Hi Jules. Totally agree especially about New Zealand novels. Last NZ author I read with any joy was Maurice Gee. Jolisa Gracewood gets into here http://publicaddress.net/busytown/a-new-old-sensation/

      I wonder if its the Bill Manhire course at Victoria? They are all so clever it makes us feel intimidated??

      • julesw 15 April 2011 / 3:52 pm

        Thanks Marion – I always know a frisson of terror after hitting the send button, imagining I’m the only blogging person who’s intensely disinterested in the majority of nz fiction! I seriously thought there were something wrong with me when others were recommending AS The Earth Turns Silver. I do wonder if one has to be born and raised in nz to truly appreciate its works of fiction. Having said that, I don’t have any trouble with hooking into fiction from other countries in the world. Ah well.

        Great link though & I really enjoyed being reminded of all those wonderful nz authors writing for our teens – how could I possibly have forgotten Margarey Mahy’s The Changeover? A true classic – even with a few rotten weatherboards included.

      • robertafsmith 15 April 2011 / 4:38 pm

        I love Laurence Fearnley, she manages to make her writing so Kiwi WITHOUT lambasting one with a lot of geographic info and or kiwi icons. Just spare and beautiful. That said the worst NZ book I have ever read is Stonefish by Keri Holme. I have no idea what she was on about.

  5. julesw 14 April 2011 / 7:13 pm

    P.S. – I have a pair of killer red stilettos that you’re welcome to borrow? What size are you?

    • robertafsmith 15 April 2011 / 4:39 pm

      I gave up wearing stilettos a long time ago. It wouldn’t be the shoe size that would be a problem, more that I now have no head for heights!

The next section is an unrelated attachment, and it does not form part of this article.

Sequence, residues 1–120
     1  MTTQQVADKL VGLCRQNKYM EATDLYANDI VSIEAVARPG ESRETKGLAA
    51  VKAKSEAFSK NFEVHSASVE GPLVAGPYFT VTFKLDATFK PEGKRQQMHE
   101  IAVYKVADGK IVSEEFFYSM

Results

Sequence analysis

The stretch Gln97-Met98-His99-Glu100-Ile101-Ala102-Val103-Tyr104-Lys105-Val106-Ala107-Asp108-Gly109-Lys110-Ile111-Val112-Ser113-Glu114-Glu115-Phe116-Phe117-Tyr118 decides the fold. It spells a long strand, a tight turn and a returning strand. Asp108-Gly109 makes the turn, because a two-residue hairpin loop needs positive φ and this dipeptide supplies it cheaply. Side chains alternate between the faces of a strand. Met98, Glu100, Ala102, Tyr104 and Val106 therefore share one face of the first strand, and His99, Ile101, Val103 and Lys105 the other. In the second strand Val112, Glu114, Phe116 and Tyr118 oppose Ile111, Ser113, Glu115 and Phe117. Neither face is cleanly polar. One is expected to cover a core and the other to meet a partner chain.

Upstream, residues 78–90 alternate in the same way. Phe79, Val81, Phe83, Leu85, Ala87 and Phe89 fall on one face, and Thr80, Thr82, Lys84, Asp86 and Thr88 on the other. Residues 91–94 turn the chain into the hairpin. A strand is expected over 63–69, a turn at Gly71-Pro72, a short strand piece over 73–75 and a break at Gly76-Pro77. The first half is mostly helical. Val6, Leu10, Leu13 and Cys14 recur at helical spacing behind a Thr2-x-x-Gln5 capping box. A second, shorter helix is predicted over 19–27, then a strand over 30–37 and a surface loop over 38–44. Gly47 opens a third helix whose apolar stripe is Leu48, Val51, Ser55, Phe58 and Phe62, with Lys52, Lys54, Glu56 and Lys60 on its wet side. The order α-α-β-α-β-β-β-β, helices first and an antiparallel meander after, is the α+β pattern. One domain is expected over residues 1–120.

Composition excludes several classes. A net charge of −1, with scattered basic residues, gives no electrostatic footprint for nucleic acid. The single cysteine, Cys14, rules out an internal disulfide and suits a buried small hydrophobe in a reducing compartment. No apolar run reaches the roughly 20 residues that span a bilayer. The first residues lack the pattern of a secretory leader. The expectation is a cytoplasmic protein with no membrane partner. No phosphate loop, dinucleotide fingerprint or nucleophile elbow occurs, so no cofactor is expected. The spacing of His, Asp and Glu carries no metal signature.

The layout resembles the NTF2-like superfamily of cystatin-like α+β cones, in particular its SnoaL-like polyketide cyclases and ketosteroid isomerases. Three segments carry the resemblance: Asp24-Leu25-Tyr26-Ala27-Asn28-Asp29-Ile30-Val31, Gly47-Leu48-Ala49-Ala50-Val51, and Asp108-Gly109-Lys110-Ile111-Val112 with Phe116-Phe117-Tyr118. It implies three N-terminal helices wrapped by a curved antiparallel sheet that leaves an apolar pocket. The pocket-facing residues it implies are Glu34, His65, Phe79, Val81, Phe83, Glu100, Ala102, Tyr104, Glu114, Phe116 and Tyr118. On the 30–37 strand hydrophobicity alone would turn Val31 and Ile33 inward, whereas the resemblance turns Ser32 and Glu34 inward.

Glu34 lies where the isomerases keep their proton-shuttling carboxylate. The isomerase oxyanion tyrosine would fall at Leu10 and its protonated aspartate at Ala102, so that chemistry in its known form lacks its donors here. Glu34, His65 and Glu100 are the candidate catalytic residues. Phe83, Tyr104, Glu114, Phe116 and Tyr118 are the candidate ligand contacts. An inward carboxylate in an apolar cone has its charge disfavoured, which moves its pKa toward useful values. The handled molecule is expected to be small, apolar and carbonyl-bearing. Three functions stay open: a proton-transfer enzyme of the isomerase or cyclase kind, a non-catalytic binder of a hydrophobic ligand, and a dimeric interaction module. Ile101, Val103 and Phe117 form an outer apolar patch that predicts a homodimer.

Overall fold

6. jane 15 April 2011 / 3:22 pm

    Just lately I have hated everthing I have read. I think it’s the eq, or at least I am blaming that, I can’t imagine that our Library fiction buyer is deliberately buying books that I would hate! I am hopeful though as I now have the new T.C Boyle “When the Killing’s done”. I loved his book “A friend of the earth”.

    • julesw 15 April 2011 / 3:46 pm

      I agree. Reading’s been a struggle since February and there’s only one book that’s kept me totally engrossed. A debut novel, Mr Chartwell by Rebecca Hunt – I’m a bit vague as to why I enjoyed this book so much but think it has a lot to do with its originality and quirkiness. Perhaps “hate” is too strong a word? How about total disinterest?

      And after all, you can’t please all of the people all of the time & to me that’s what our libraries are all about – a huge selection and variety for all and sundry.

    • robertafsmith 15 April 2011 / 4:42 pm

      Hope this book works for you Jane. It would be dreadful to lose the comfort of reading just when we need it most!

    • Marion 17 April 2011 / 1:33 pm

      Hi Jane. I’m reading again. Seeing a story on television about Japanese earthquake victims who are still homeless and living in school halls made me think of a favourite childhood tale, The Cheerful Heart by Elizabeth Janet Gray. I checked my bookshelves and yay I still had it. As soon as I began reading it and saw the charming black and white illustrations happy memories came flooding back.

      It is the story of a Japanese family who return to Tokyo in 1946. Their house has been burnt down during the war and the government built replacement is small and cheap. Over the course of the book, little vignettes of Japanese life and customs and the slow rebuilding of Tokyo emerge. Much of the story is told from the point of view of Tomi, an eleven year old optimist who is the cheerful heart of her family. As a child I found this a fascinating and comforting book and the magic has not worn off as an adult.
      I wonder if anyone local will write a post earthquake book for older children?
      Maybe returning to some of your childhood favourites might help.

  7. robertafsmith 15 April 2011 / 4:41 pm

    Has anyone who has read this blog read the annie Proulx – Bird Cloud? I am really interested to know what others have thought of it.